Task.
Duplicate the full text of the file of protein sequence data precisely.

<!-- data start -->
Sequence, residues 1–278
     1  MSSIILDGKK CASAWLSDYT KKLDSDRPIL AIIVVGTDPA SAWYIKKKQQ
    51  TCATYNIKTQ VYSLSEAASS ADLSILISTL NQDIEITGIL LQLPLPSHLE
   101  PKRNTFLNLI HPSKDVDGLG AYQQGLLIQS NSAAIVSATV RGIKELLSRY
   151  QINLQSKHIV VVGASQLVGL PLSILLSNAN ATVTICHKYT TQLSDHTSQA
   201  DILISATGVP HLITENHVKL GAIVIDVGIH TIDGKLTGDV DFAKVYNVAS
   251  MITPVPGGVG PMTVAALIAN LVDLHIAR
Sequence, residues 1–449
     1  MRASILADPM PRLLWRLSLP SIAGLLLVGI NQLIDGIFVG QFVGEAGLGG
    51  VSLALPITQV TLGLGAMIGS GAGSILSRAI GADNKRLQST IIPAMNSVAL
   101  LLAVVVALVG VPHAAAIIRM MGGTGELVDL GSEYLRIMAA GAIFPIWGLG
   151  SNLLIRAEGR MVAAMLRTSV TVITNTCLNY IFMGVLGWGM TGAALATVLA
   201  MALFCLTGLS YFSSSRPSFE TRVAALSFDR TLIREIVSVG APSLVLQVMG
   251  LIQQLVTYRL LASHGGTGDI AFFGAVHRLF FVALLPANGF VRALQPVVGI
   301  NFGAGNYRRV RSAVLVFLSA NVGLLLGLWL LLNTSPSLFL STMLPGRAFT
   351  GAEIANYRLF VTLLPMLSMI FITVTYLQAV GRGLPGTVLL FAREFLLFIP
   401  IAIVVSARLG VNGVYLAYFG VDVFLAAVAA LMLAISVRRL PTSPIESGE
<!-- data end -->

Sequence, residues 1–278
     1  MSSIILDGKK CASAWLSDYT KKLDSDRPIL AIIVVGTDPA SAWYIKKKQQ
    51  TCATYNIKTQ VYSLSEAASS ADLSILISTL NQDIEITGIL LQLPLPSHLE
   101  PKRNTFLNLI HPSKDVDGLG AYQQGLLIQS NSAAIVSATV RGIKELLSRY
   151  QINLQSKHIV VVGASQLVGL PLSILLSNAN ATVTICHKYT TQLSDHTSQA
   201  DILISATGVP HLITENHVKL GAIVIDVGIH TIDGKLTGDV DFAKVYNVAS
   251  MITPVPGGVG PMTVAALIAN LVDLHIAR
Sequence, residues 1–449
     1  MRASILADPM PRLLWRLSLP SIAGLLLVGI NQLIDGIFVG QFVGEAGLGG
    51  VSLALPITQV TLGLGAMIGS GAGSILSRAI GADNKRLQST IIPAMNSVAL
   101  LLAVVVALVG VPHAAAIIRM MGGTGELVDL GSEYLRIMAA GAIFPIWGLG
   151  SNLLIRAEGR MVAAMLRTSV TVITNTCLNY IFMGVLGWGM TGAALATVLA
   201  MALFCLTGLS YFSSSRPSFE TRVAALSFDR TLIREIVSVG APSLVLQVMG
   251  LIQQLVTYRL LASHGGTGDI AFFGAVHRLF FVALLPANGF VRALQPVVGI
   301  NFGAGNYRRV RSAVLVFLSA NVGLLLGLWL LLNTSPSLFL STMLPGRAFT
   351  GAEIANYRLF VTLLPMLSMI FITVTYLQAV GRGLPGTVLL FAREFLLFIP
   401  IAIVVSARLG VNGVYLAYFG VDVFLAAVAA LMLAISVRRL PTSPIESGE